Title: Calcineurin
CAS Registry Number: 9025-75-6
CAS Name: Phosphoprotein phosphatase
Literature References: Ca2+/calmodulin dependent ser-thr phosphatase that participates in many signalling pathways involved in gene regulation or biological responses to external stimuli in various organisms and cell types. Highly conserved heterodimer from yeast to humans comprised of a 58-69 kDa catalytic and calmodulin binding subunit A, calcineurin A, and a 16-19 kDa regulatory subunit B, calcineurin B. Isoln: J. H. Wang, R. Desai, Biochem. Biophys. Res. Commun. 72, 926 (1976). Purification: C. B. Klee, M. H. Krinks, Biochemistry 17, 120 (1978); and phosphatase activity: C. B. Klee et al., Proc. Natl. Acad. Sci. USA 76, 6270 (1979). Review of early work: C. B. Klee, J. Haiech, Ann. N.Y. Acad. Sci. 1980, 43-54; of role in neuronal cells and brain injury: M. Morioka et al., Prog. Neurobiol. 58, 1-30 (1999). Review of structure and function: C. B. Klee et al., J. Biol. Chem. 273, 13367-13370 (1998); J. Aramburu et al., Curr. Top. Cell. Regul. 36, 237-295 (2000).
Calcipotriene Calciseptine Calcitonin Calcium 2-Ethylbutanoate Calcium 3-Aurothio-2-propanol-1-sulfonate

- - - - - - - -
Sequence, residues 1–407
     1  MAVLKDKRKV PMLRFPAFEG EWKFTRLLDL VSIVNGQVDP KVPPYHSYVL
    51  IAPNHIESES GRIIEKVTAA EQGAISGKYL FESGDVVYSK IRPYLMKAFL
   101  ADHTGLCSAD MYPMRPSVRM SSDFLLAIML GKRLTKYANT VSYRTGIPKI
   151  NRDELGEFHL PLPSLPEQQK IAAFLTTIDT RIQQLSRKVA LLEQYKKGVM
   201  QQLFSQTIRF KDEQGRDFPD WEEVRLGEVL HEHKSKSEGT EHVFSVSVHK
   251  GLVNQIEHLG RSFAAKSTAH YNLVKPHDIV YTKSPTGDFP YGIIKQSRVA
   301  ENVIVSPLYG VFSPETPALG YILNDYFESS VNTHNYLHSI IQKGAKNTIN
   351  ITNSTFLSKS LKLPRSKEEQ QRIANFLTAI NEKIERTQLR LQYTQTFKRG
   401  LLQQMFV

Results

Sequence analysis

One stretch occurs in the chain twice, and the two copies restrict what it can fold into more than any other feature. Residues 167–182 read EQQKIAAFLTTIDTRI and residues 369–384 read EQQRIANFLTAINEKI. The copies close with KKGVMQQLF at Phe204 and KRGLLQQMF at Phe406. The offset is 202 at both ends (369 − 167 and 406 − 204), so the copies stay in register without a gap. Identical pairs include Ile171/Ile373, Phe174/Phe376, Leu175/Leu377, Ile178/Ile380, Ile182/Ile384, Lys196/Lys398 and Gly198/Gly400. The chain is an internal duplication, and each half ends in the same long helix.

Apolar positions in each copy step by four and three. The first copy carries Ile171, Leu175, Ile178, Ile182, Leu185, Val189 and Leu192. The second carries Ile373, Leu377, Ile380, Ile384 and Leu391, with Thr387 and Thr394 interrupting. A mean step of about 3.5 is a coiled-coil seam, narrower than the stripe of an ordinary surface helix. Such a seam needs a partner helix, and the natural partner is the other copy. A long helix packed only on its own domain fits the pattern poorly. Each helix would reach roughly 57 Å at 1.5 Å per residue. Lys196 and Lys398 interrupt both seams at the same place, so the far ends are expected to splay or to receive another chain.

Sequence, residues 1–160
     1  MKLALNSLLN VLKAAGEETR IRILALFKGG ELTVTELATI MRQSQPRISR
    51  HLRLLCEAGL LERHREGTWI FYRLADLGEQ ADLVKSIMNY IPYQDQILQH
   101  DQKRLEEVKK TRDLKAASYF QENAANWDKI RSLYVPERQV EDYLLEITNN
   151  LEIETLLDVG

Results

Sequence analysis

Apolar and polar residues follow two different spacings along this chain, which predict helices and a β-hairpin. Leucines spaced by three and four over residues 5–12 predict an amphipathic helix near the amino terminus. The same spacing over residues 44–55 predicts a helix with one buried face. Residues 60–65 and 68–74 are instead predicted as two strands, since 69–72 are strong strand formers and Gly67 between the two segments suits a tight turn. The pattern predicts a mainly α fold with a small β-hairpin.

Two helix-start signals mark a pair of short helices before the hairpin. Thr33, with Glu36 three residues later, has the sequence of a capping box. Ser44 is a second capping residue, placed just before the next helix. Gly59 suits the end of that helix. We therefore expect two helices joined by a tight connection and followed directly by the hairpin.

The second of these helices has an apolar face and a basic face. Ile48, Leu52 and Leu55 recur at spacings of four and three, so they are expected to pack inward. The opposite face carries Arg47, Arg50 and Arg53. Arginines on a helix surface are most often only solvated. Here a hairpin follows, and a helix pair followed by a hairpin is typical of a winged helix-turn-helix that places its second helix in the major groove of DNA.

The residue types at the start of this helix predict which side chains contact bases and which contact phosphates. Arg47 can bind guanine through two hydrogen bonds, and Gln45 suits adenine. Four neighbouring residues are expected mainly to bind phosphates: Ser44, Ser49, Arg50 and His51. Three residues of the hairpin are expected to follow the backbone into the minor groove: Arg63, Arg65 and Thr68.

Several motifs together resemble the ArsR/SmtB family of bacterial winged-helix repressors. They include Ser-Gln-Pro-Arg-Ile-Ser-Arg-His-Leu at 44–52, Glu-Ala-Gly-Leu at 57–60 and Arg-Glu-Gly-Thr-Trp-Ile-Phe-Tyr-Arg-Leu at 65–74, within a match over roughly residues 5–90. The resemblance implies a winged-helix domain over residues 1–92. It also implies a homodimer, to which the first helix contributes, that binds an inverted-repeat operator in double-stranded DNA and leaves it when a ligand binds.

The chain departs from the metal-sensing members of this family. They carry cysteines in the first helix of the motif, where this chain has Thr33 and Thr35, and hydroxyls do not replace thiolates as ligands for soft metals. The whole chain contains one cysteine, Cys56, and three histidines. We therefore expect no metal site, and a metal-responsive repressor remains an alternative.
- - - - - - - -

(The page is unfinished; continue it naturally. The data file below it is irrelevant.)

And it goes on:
Crystallographic structure of calcineurin heterodimer composed of the catalytic (PPP3CA and regulatory (PPP3R1) subunits.[1]

Calcineurin (CN) is a protein phosphatase also known as protein phosphatase 3, and calcium-dependent serine-threonine phosphatase.[2] It activates the T cells of the immune system and can be blocked by drugs. Calcineurin activates nuclear factor of activated T cell, cytoplasmic (NFATc), a transcription factor, by dephosphorylating it. The activated NFATc is then translocated into the nucleus, where it upregulates the expression of interleukin 2 (IL-2), which, in turn, stimulates the growth and differentiation of T cell response. Calcineurin is the target of a class of drugs called calcineurin inhibitors, which includes cyclosporine, pimecrolimus and tacrolimus.